Infinite Loop

Unit Testing Load of Image Resources

I recently decided to try out the Test Driven Development approach for a new utility iPhone App which I’m currently working on. My goal was (and still is) to perform TDD in every possible corner of the design and implementation of the App. As it happened the project was kicked off about the same time as “Test-Driven iOS Development” by Graham Lee was released. This book shows how to develop an iOS App from scratch using TDD throughout the entire process – including design and test of the UI aspects. Graham’s book is one of the first (if not the first) I have seen which also covers the UI parts – most other sources I have seen tend to just write this off as not practically possible. The techniques described below are heavily inspired by some of the examples and methods described in the book. Anyway, if you haven’t purchased it yet, I can highly recommend you do so – it’s a great book.

One of the tasks of my new iPhone App is to display a small icon for indication of battery status for a connected UPS (Uninterruptible Power Supply). The icon will just be loaded from the bundle resources depending on the status of the power supply. It’s fairly straightforward to write a bunch of tests to verify that the correct image is selected for the various states, e.g.:

- (void)testImageNameForUpsNotPresent {
  UPSStatus *status = [[UPSStatus alloc] initWithStatus:notPresentTestData];
  assertThat([status imageName], equalTo(@"UPS_NotPresent"));
- (void)testCanLoadImageForUpsNotPresent {
  UPSStatus *status = [[UPSStatus alloc] initWithStatus:notPresentTestData];
  assertThat([status image], notNilValue());


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Code Coverage and fopen$UNIX2003 Problems

A couple of readers have reported they were unable to get code coverage on LLVM working properly after following my description in Code Coverage with Xcode 4.2. The problem would manifest itself in a somewhat cryptic error during execution of the unit tests:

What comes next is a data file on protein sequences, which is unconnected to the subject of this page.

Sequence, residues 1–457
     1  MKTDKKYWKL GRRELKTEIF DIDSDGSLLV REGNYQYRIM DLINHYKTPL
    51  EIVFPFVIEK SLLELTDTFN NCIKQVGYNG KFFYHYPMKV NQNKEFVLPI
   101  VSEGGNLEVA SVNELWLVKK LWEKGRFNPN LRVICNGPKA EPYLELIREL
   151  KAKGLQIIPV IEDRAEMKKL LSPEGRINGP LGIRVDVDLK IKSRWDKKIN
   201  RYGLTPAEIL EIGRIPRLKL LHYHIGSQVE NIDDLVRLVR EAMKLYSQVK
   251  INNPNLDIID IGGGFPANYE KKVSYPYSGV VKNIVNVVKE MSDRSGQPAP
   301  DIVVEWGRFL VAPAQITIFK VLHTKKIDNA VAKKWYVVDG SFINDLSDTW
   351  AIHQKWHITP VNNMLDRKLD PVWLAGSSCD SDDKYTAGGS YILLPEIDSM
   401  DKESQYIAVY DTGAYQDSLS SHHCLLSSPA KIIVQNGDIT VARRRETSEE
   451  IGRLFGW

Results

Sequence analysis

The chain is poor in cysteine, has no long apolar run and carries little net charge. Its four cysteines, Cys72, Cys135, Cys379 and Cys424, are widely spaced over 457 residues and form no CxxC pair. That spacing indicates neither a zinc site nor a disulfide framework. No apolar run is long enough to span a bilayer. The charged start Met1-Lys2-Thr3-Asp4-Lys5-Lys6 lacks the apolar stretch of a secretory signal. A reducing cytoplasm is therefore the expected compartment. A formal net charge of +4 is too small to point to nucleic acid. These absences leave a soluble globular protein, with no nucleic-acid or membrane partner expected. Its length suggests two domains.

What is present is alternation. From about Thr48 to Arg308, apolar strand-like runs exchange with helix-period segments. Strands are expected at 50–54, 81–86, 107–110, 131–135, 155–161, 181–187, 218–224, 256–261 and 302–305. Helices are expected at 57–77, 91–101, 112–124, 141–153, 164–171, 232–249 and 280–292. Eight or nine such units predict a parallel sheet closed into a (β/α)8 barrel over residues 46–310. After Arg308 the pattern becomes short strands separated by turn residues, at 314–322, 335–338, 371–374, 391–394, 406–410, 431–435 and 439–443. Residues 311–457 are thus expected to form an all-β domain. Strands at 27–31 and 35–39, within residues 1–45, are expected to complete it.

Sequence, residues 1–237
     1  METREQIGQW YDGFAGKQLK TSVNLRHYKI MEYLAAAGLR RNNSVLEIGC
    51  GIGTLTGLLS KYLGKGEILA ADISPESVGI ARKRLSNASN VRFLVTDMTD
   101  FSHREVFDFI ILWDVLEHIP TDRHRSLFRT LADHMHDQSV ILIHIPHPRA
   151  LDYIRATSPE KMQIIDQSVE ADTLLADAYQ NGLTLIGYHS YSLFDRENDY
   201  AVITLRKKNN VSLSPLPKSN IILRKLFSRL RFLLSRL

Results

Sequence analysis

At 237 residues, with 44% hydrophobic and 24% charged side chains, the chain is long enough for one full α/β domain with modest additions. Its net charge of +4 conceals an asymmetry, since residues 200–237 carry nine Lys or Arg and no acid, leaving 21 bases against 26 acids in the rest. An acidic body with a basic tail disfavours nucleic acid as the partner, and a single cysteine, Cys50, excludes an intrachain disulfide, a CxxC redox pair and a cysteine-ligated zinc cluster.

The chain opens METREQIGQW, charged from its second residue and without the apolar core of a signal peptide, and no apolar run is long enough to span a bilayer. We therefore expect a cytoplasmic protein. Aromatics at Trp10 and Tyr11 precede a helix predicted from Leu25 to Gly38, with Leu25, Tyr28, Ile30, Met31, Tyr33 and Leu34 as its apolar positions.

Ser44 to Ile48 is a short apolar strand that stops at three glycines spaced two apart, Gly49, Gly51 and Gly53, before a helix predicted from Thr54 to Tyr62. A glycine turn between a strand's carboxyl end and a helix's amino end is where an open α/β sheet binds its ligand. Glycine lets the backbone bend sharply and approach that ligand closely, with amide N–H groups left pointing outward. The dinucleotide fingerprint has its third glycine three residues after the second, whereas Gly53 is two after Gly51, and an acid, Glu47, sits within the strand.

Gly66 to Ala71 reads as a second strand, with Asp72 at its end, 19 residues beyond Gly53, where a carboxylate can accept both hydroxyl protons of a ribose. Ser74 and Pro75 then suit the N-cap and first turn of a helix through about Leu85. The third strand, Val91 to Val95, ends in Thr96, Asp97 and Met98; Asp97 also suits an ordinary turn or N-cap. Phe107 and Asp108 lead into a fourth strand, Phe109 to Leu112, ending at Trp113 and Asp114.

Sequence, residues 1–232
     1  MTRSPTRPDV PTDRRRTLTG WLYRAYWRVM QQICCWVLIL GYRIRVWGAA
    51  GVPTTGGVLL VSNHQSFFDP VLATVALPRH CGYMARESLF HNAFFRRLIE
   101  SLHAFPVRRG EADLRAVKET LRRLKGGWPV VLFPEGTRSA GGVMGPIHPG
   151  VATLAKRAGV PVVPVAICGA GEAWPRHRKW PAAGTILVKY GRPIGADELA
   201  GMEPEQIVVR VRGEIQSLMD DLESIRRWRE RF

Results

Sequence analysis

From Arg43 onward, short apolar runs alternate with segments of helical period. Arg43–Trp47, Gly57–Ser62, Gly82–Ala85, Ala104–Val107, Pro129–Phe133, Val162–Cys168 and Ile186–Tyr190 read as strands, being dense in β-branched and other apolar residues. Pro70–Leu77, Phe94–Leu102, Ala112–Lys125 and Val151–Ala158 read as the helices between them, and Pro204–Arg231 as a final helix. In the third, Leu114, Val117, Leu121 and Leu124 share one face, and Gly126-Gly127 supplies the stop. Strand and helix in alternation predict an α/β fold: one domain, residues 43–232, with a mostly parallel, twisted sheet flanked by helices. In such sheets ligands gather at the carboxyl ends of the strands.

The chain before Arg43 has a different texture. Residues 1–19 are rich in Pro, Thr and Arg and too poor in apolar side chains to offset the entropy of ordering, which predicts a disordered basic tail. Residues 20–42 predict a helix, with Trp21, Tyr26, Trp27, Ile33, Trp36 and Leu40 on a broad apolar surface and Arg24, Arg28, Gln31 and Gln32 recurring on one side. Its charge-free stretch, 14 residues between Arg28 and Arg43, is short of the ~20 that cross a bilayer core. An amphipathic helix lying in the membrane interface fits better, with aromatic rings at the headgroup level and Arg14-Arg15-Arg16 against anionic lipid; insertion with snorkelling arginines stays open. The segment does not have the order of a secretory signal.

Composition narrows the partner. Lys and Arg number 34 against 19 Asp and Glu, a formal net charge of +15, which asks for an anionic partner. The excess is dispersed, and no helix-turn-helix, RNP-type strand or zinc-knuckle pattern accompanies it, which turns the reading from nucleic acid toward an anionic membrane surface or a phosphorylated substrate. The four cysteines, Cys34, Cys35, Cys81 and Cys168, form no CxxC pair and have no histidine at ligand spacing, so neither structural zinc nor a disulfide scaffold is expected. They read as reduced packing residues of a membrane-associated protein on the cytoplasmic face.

Detected an attempt to call a symbol in system libraries that is not present on the iPhone:
fopen$UNIX2003 called from function llvm_gcda_start_file

The discussions have been lively with various suggestions on tweaking compiler flags, inclusion of libraries, missing files in target, etc. It wasn’t until I ran into the problem myself – even after following my own advice step by step – that I decided to dig deeper into the cause of the problem. Fortunately it turned out that the solution had already been described in the discussions and it’s a rather simple one too.

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Code Coverage with Xcode 4.2

This tutorial is just a small follow-up on one of my earlier posts about how to set up code coverage in Xcode.

With the release of Xcode 4.2 code coverage is finally supported using Clang / LLVM. Opposed to what I described in the earlier post you no longer need to force the use of GCC to get code coverage metrics in your unit tests. Since Apple has also decided to drop support for GCC you are more or less forced to switch to Clang / LLVM anyway.

In Xcode 4.2 it’s fairly simple to set up code coverage. If you have defined a custom build setting or build rule that enforces GCC 4.2 you will need to remove those first.

Next you’ll need to enable the two build settings “Generate Test Coverage Files” and “Instrument Program Flow” as shown below:


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Providing Custom Documentation in Xcode

Whenever you are writing code that is intended for reuse it is important that the API is well documented. This will make it a lot easier for other developers to understand and integrate your code. On top of this it will also make it a lot easier to reuse that code when you need to use it yourself 6 or 12 months down the road.

In this tutorial I will use ILGeoNames as an example for how you can easily generate documentation for your own projects.

I will use the appledoc tool provided by Gentle Bytes. The appledoc tool provides a lot of nice features including the ability to generate Apple-like html documentation as well as the ability to generate and install fully indexed and browsable Xcode documentation sets.

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Covering it all up

In the previous two posts I described how you can create unit tests for threaded code as well as how you can de-couple your tests from external errors on the internet.

In this post I’ll show how to use GCOV and CoverStory to ensure that you are actually testing all parts of your code. Or at least obtain knowledge about which parts of your code that are being tested and which parts that are not being tested by your unit tests.

Having a high degree of code coverage in your unit tests helps to ensure that your code will continue working as expected even after you change parts of it, e.g. when fixing bugs, re-factoring it, adding new features, etc.

The coverage data can also be used to show when you have added enough tests to your code. Once you have obtained full test coverage of a certain function, adding more tests for that same function will probably not help you find more bugs in the code. Instead you can now focus your efforts on adding new functionality without having to worry about it breaking behind your back.


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